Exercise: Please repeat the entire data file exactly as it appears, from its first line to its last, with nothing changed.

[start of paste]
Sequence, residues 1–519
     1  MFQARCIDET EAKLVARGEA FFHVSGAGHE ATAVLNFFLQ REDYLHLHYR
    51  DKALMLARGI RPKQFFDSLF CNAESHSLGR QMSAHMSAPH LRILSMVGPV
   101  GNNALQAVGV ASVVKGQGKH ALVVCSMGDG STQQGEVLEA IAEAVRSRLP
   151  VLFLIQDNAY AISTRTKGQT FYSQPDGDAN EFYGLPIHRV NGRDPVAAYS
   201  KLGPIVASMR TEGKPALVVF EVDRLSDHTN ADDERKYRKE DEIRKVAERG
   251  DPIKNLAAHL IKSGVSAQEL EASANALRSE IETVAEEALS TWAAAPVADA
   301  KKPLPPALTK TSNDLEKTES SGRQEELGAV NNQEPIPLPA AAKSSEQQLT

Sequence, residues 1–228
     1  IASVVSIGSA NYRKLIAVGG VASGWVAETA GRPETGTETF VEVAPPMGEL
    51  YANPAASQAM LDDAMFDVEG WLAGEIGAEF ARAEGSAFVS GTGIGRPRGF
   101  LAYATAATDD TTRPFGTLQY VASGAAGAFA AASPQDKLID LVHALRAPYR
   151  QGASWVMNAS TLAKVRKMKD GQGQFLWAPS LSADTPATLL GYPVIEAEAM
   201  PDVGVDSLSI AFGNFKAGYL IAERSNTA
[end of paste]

Sequence, residues 1–519
     1  MFQARCIDET EAKLVARGEA FFHVSGAGHE ATAVLNFFLQ REDYLHLHYR
    51  DKALMLARGI RPKQFFDSLF CNAESHSLGR QMSAHMSAPH LRILSMVGPV
   101  GNNALQAVGV ASVVKGQGKH ALVVCSMGDG STQQGEVLEA IAEAVRSRLP
   151  VLFLIQDNAY AISTRTKGQT FYSQPDGDAN EFYGLPIHRV NGRDPVAAYS
   201  KLGPIVASMR TEGKPALVVF EVDRLSDHTN ADDERKYRKE DEIRKVAERG
   251  DPIKNLAAHL IKSGVSAQEL EASANALRSE IETVAEEALS TWAAAPVADA
   301  KKPLPPALTK TSNDLEKTES SGRQEELGAV NNQEPIPLPA AAKSSEQQLT

Sequence, residues 1–228
     1  IASVVSIGSA NYRKLIAVGG VASGWVAETA GRPETGTETF VEVAPPMGEL
    51  YANPAASQAM LDDAMFDVEG WLAGEIGAEF ARAEGSAFVS GTGIGRPRGF
   101  LAYATAATDD TTRPFGTLQY VASGAAGAFA AASPQDKLID LVHALRAPYR
   151  QGASWVMNAS TLAKVRKMKD GQGQFLWAPS LSADTPATLL GYPVIEAEAM
   201  PDVGVDSLSI AFGNFKAGYL IAERSNTA